A culture of thought

Written by Mark Briggs on . Posted in Current publications, Publications

Van DammeProfessor Stéphan Van Damme has published A toutes voiles vers la vérité : une autre histoire de la philosophie au temps des Lumières, the third volume of his trilogy re-addressing the cultural history of philosophy.

The book focuses on the Enlightenment, a period often regarded as one of revolutionary thought. However, at the time those involved associated themselves strongly with the ancient and medieval traditions of philosophy.

“The project aims to undertake a historian’s history of philosophy, not just as knowledge, but as a practice, passion and cultural object.”

“My idea was not to adopt whiggish definitions which in the past stuck to the modern or contemporary definition of philosophy or a philosopher. The idea was to go back to the former definitions, how they saw themselves.”

Like the symposiums during the time of Plato, during the Enlightenment philosophy appeared in public spaces. Salons, theatres, and novels all became centres of learning and debate. Through such mediums philosophy became associated with the emergence of the public sphere, and the idea of the philosopher as the writer and public intellectual began to emerge with the likes of Samuel Johnson, Voltaire and Thomas Paine.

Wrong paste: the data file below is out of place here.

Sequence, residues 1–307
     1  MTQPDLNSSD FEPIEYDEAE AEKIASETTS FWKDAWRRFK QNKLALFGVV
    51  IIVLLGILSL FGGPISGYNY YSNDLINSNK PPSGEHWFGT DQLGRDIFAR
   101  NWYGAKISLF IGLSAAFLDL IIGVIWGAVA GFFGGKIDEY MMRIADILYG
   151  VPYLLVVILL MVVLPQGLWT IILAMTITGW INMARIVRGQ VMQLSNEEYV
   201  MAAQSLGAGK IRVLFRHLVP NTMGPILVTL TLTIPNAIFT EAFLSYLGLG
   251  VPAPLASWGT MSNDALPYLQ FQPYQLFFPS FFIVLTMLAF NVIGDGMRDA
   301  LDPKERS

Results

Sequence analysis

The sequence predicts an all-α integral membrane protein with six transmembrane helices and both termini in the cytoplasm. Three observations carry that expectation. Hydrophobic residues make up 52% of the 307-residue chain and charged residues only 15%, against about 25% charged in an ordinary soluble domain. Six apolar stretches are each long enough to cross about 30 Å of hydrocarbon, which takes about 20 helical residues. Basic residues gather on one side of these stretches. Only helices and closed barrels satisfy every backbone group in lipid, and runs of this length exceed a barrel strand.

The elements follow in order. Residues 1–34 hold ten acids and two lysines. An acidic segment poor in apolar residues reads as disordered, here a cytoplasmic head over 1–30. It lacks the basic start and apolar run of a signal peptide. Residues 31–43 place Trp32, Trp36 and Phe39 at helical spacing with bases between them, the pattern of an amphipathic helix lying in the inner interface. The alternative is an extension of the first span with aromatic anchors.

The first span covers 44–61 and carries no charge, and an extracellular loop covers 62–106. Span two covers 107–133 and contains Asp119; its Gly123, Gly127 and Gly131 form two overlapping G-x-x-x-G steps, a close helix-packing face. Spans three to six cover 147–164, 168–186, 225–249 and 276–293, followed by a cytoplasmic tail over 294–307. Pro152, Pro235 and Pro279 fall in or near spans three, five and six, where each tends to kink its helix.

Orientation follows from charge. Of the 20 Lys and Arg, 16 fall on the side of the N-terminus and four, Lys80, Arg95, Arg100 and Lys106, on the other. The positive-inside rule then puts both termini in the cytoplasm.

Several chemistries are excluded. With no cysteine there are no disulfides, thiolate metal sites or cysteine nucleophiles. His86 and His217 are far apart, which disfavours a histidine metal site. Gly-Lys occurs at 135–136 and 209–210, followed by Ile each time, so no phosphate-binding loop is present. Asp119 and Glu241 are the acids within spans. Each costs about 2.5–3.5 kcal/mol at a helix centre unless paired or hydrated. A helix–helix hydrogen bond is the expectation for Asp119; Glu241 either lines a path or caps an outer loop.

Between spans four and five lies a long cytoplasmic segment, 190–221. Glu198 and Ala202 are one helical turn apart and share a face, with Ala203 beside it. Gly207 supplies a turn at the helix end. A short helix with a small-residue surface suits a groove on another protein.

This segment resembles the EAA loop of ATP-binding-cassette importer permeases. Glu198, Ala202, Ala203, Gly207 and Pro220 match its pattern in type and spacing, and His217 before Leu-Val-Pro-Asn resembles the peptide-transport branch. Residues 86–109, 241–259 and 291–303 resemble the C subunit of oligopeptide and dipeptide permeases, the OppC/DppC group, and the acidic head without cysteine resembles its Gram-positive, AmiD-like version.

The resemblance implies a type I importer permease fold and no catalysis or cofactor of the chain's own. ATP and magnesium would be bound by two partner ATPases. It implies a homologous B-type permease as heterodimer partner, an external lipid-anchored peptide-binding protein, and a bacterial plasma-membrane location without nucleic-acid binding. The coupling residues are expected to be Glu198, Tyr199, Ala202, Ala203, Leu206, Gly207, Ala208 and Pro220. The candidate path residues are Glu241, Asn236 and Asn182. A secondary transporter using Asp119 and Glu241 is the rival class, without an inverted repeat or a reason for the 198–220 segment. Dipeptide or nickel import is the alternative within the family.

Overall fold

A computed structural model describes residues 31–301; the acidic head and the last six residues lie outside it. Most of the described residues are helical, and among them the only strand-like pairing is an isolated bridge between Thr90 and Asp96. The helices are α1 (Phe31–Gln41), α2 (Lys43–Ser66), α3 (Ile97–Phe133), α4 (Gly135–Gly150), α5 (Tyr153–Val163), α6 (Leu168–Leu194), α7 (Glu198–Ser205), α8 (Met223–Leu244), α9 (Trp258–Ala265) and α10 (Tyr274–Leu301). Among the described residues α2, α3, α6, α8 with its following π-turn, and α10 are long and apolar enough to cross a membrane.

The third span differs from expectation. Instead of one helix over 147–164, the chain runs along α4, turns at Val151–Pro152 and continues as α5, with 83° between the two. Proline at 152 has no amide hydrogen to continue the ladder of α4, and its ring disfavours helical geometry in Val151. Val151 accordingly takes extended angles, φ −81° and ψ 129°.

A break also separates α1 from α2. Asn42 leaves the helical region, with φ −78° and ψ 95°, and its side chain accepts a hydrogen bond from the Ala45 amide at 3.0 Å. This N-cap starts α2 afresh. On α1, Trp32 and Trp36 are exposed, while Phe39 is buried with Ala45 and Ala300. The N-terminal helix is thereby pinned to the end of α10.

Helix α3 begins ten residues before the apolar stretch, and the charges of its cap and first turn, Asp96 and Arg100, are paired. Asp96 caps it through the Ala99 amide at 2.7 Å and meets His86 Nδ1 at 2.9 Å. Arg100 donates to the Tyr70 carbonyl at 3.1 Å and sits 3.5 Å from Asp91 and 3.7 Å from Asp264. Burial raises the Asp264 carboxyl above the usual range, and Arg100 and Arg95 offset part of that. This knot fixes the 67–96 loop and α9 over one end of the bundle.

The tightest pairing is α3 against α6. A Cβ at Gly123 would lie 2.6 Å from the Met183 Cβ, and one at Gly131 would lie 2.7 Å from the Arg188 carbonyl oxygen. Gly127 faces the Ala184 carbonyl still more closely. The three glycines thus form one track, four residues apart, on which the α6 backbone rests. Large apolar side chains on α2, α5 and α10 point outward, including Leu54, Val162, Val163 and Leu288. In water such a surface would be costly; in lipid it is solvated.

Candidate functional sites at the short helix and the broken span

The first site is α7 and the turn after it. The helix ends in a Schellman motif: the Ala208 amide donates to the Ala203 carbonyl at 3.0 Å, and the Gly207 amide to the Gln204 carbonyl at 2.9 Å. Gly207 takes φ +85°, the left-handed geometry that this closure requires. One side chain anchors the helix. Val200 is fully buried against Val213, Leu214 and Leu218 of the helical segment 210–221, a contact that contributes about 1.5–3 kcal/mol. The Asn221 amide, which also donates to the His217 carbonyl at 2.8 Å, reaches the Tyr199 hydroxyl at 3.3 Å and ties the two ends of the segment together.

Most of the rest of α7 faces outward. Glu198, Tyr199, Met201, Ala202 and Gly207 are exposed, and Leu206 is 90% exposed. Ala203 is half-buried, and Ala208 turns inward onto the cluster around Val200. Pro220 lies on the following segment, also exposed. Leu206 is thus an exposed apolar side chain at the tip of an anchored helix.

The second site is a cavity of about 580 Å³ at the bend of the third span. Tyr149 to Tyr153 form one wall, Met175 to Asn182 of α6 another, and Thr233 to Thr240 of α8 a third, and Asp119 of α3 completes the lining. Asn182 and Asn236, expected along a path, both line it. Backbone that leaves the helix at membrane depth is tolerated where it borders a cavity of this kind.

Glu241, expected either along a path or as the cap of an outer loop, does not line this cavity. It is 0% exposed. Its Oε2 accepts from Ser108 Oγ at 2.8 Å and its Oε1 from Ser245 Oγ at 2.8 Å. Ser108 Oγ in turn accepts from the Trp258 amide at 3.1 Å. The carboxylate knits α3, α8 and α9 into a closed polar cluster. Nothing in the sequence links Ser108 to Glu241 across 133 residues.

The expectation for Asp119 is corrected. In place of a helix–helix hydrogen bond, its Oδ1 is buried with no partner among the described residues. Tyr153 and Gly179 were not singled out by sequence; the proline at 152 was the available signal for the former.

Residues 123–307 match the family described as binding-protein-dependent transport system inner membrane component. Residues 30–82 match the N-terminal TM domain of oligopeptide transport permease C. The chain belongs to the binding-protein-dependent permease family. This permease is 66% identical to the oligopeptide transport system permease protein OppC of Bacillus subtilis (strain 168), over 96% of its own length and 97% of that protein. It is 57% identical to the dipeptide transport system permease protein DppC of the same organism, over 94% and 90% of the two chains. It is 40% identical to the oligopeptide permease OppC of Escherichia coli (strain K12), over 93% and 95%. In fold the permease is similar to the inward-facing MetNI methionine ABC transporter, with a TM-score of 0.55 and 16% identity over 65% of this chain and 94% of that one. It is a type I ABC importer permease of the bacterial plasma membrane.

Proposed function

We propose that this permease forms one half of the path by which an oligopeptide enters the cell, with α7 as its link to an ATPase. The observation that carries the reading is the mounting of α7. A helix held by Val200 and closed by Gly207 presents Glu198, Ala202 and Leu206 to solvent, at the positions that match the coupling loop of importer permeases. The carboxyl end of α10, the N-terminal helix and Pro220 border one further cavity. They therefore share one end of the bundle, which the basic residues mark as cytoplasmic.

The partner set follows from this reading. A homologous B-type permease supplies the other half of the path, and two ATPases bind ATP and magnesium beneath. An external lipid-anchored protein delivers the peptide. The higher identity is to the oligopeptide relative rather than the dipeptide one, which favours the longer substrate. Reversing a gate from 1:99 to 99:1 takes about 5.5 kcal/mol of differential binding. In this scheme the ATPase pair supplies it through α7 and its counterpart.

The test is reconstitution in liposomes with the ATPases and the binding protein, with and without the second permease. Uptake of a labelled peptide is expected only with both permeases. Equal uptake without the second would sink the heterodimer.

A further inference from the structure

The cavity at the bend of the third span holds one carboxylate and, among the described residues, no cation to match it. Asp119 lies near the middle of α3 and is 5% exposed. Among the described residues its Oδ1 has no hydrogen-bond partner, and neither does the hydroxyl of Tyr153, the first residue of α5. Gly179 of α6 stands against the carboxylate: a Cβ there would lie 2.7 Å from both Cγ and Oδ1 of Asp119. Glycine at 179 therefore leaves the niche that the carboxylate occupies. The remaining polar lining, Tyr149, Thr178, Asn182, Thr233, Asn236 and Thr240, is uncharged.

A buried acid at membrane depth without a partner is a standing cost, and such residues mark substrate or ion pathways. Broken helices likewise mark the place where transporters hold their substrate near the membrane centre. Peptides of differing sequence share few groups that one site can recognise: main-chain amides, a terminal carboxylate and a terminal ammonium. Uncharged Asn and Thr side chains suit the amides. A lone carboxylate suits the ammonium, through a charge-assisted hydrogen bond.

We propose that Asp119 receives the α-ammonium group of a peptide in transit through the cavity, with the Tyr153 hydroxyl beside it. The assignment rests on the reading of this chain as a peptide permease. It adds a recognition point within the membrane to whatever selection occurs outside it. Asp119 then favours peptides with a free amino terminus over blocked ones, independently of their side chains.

The discipline was moving away from one secluded in monasteries and universities, guarded by monks and hidden in expensive Latin manuscripts. It was returning to something people engaged with in their daily lives as pastime or hobby.

The book explores the new philosophical regime in a historical context, before attempting to re-establish the importance of place in philosophy (“philosophy is not knowledge from nowhere”), finally discussing the politicisation of the discipline.

“This book is an attempt to put the history of philosophy in context.”

Van Damme sees this book as part of a wider project along similar lines. “What I do here at the EUI is a kind of methodological discussion, addressing early modern definitions of science and knowledge and re-contextualising them.

“Could be the founding fathers of the scientific revolutions, institutions, but also disciplines like philosophy. My next project might be to re-address definitions of nature. I have a clear project to deconstruct and reconstruct.”

Van Damme’s first two books in the series looked at Descartes and as the idea of Paris as a philosophical capital.

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